By Gethin Coolbaugh
Make no mistake, this is still a series between the two most storied franchises in NBA history: the Celtics and Lakers.
But both are completely different teams than they were when they met in the Finals back in 2008.
The Lakers are much better off now, while the Celtics, lets face it, have gone downhill.
There’s no question that Boston was the better team in 2008, having the better starting rotation and a strong bench.
At that point, the Lakers boasted only two stars in Kobe Bryant and Pau Gasol. They still had Derek Fisher and Andrew Bynum, though Bynum missed the Finals, but they didn’t have a major impact.
Now, only two years later, the Lakers are primed for another mini-dynasty like that of the Lakers teams of 2000-2002.
They’ve already been in three Finals in a row including this year’s. The defeated the Magic in five games last year and lost to the Celtics back in ’08. And with their 102-89 Game 1 win against the Celtics on Thursday night, they are in good shape to make it two championship titles in three seasons.
But let’s not jump ahead of ourselves.
As for the Celtics, after winning in 2008, they cooled off. Last season started with a bang as Boston jumped out to a 27-3 start, but they fell back to Earth in the final half of the season.
Being an old team, the Celtics were hit hard by the injury bug. Kevin Garnett was hit particularly hard after he was sidelined for the remainder of the season after suffering a right knee injury against Houston.
Boston made some noise in the playoffs after topping the Chicago Bulls in seven games in the most eventful first-round series in league history.
Their bid for a repeat was ended by the Orlando Magic, who ousted the Celtics in Game 7 at TD Garden en route to their second appearance in the NBA Finals.
This season, the Celtics again started out hot, but they finished the regular season with a 50-32 record and in fourth place in the Eastern Conference. In its final 54 games, Boston posted a lackluster 27-27 record.
Miami proved to be a pushover in the first round of the playoffs after the Celtics bulldozed Dwayne Wade and the Heat in five games.
And then, the now historic flip of the switch.
Boston went from a team that finished its season in the middle of the pack to a team that played like it was 2008 all over again.
After winning one of the first three games against Cleveland in the conference semifinals, the C’s rattled off three straight wins to eliminate King James and the Cavs.
Then they made mince meat of the Orlando Magic, despite a two-game scare that pushed the series to six games.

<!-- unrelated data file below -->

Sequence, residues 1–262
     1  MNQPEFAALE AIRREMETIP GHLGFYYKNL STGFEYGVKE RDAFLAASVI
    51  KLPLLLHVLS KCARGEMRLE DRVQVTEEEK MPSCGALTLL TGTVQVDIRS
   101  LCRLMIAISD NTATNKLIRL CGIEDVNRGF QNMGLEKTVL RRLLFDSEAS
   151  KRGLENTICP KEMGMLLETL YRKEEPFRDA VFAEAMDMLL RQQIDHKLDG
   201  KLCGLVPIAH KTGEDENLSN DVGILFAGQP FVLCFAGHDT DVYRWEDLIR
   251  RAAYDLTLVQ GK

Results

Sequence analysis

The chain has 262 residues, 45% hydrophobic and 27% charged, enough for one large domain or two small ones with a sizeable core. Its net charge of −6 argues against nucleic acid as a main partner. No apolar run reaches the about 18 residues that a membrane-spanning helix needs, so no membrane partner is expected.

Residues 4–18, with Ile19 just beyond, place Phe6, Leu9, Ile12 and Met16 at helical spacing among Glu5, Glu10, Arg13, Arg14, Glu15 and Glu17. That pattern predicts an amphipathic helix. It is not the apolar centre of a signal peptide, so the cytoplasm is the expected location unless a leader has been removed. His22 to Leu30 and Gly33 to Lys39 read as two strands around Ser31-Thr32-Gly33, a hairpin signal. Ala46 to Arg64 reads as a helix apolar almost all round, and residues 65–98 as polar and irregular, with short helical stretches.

But no one ever doubted that the Celtics would return to the Finals after putting up a commanding 3-0 series lead against the Magic.
And then, it was a rematch of the ’08 Finals.
But stop right there. That’s the last time that I’ll mention the 2008 Finals.
This series features two teams that resemble that of their meeting two years ago in name only. To borrow the overused adage, it’s a whole new ballgame now.
Kobe Bryant scored 30 points to lead all scorers and Pau Gasol added 23 points and 14 rebounds in the Lakers’ 102-89 Game 1 victory on Thursday night, but neither was the difference in the game.
While Bryant and Gasol provided the scoring, it was Ron Artest who proved to be the game’s X factor.
Artest scored 15 points and had four rebounds in 32 minutes. In the plus/minus category, Artest was an astonishing plus 26.
The closest Laker to Artest in plus/minus was point guard Derek Fisher, who was plus 18.
In perspective, the closest Celtic was Nate Robinson at plus 10.
The Celtics lost by 13, meaning that if Artest didn’t come up big in Game 1, we might be looking at a different situation heading into Game 2 at Staples Center on Sunday night (8 p.m. EST, TV/Radio: ABC/WEEI).
It’s imperative for the Celtics to find a way to contain the former NBA Defensive Player of the Year offensively.
Entering the series, the prominent concern was Artest’s defense. But now, the Celtics will have to consider him as an offensive threat.
If they can’t find a way to keep Artest from scoring, the Lakers may very well be just one championship away from tying the Celtics for most in league history.
That’s a scary though.
Gethin Coolbaugh is the Associate Editor of Boston Sports U18. He can be reached at 774-279-1995 or at firstname.lastname@example.org. You can also visit Gethin Coolbaugh’s official website and follow Gethin Coolbaugh on Twitter.